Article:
About 10 residents came out to a coffee gathering to hear Canton Fire Chief Dean Floyd talk about his department, its training levels and its plans for the near future.
The meeting, in the City Council chambers at City Hall, was organized by Canton City Councilman Bill Bryan.
The meeting came just one week after Floyd publicly responded to a letter sent by County Commission Chairman Buzz Ahrens.
Ahrens pointed out in his email what he believes are the benefits of a possible merger between Cherokee County Fire and Emergency Services and the Canton Fire Department. The chairman said the issues are providing the best fire and emergency protection for city residents, how to “best allocate capital funds to provide improved service” and improving training for Canton firefighters.
On Friday, Floyd started out with a brief overview about the department, including the number on staff, how many of his employees are paramedics and EMTs and what services they offer to the community.
Former council member Lester Cantrell, who retired from the council in 2009, was also on hand, as well as former fire chief Bob Junk and former council member Pat Tanner.
Cantrell also asked Floyd questions about the fire department, mainly to allow the chief to inform residents about its programs.
“I want everybody to know that the Canton Fire Department … is doing their job,” Cantrell said.
Floyd also informed residents he believed the city can improve its ISO, or Insurance Service Office, rating of 4. The ISO system is used to rate how well fire departments serve their area. The scale runs from one to 10, with one being the best fire service. The ratings are used to calculate homeowners’ insurance costs.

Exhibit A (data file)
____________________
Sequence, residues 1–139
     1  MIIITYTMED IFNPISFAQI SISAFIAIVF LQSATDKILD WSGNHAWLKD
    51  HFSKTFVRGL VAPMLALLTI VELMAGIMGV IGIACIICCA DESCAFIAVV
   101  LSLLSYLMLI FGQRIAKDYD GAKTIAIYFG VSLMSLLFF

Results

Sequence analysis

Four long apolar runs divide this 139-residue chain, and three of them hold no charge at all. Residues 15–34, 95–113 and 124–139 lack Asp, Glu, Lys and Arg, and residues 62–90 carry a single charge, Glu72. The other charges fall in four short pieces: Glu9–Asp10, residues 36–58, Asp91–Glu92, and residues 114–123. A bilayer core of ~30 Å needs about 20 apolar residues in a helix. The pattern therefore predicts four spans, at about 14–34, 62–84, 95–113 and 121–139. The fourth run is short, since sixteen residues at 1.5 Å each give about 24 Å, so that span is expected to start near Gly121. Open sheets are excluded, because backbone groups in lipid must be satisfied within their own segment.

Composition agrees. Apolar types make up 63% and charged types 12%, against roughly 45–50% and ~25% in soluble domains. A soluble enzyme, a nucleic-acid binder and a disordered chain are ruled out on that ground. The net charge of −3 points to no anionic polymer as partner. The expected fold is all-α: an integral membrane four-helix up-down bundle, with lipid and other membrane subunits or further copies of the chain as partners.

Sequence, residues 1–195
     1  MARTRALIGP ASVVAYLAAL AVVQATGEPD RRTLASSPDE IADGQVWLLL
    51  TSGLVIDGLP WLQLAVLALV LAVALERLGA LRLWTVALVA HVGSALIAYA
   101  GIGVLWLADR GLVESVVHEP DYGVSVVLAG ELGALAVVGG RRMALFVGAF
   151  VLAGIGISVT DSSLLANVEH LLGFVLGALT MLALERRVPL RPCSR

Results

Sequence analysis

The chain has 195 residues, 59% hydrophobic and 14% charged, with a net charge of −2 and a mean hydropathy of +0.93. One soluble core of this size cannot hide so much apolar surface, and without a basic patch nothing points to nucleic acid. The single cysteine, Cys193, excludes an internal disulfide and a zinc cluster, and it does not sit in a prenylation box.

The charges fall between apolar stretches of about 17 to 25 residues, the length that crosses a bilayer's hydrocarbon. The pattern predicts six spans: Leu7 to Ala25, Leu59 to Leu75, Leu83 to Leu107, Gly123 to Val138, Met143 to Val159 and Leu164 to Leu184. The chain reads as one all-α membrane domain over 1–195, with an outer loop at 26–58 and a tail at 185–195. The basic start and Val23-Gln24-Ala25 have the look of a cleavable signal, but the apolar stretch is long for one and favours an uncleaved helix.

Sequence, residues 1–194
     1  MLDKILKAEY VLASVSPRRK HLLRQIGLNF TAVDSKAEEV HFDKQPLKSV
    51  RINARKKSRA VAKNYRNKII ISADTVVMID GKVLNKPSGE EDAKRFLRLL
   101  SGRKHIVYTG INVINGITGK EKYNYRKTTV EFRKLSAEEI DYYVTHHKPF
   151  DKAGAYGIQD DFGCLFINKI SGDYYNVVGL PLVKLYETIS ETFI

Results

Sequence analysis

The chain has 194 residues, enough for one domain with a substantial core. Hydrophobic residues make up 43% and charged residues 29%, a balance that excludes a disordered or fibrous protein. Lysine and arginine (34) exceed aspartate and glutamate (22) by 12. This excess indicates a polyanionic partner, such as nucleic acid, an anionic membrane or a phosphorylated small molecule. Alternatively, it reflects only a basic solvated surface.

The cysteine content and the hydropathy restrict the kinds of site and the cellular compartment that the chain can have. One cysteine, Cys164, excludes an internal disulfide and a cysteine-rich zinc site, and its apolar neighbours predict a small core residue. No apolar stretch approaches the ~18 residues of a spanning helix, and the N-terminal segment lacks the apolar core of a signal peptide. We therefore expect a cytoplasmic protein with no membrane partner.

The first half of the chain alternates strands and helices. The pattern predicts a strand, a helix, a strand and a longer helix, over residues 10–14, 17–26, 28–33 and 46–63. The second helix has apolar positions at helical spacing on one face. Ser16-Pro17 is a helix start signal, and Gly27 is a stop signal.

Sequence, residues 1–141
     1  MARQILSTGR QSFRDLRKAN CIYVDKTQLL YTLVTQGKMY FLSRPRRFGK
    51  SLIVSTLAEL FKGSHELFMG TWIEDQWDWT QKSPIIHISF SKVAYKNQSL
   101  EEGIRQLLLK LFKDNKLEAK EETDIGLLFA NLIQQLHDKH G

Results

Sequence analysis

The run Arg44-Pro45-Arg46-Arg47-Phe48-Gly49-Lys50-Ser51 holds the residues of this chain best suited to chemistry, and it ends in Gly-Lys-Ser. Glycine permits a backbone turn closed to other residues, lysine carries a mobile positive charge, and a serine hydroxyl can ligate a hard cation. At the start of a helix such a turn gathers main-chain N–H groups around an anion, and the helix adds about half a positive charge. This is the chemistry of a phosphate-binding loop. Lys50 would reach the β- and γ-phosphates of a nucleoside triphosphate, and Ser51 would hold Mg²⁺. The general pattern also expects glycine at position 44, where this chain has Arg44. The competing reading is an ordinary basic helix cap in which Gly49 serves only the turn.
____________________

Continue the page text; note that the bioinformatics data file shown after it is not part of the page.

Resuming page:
The department, he said, is scheduled to be reviewed in December, and it can take up to eight months for the results to come back.
The ISO rating of 3, he added is “achievable.”
“Everyone will see a big impact on their (home) insurance,” he said of the city moving from a Class 4 to Class 3 rating.
The city of Woodstock was notified it retained its Class 3 rating earlier this year while Cherokee County Fire and Emergency Services maintained it split rating of 5/9.
Floyd said the city earlier this year hired a consultant, who calculated the city is 1½ points from keeping the 4 rating.
Since the consultant’s report, Floyd said the city has taken the steps to hire additional firefighters, and has begun routine testing of its fire truck pumpers and performing load testing on its ladders.
“I feel comfortable with a 4 and my hopes are that we’ll go to a 3,” he said, adding the Class 3 rating could entice more companies to move into the city.
Floyd was asked by one member of the audience to address the push for consolidation by some on the council, but shied away saying it was a “political issue.”
However, that didn’t stop County Commissioner Harry Johnston from weighing in.
Johnston, who represents District 1 — which includes Canton — said the talks about consolidation were not to compare and contrast each department, but were “purely about economics,” referencing the need for two new fire stations. He noted he understood why some on the City Council may have felt Ahrens’ letter was “casting aspersions” onto Canton’s fire department, but added his colleague did not intent to do so. He also said it would be “disingenuous” for the county to claim its fire department was better than Canton as the city does have a better ISO rating than Cherokee.
Floyd, who has been a firefighter for the city and the county for more than 30 years, added he didn’t think the relationship between the county and city fire departments had been soured due to the talks.
The men and women of both agencies, he said, don’t let their jurisdictions get in the way of doing their duties on the scene of a fire.
“When the men and women get there, you can’t tell (the departments) apart,” he said.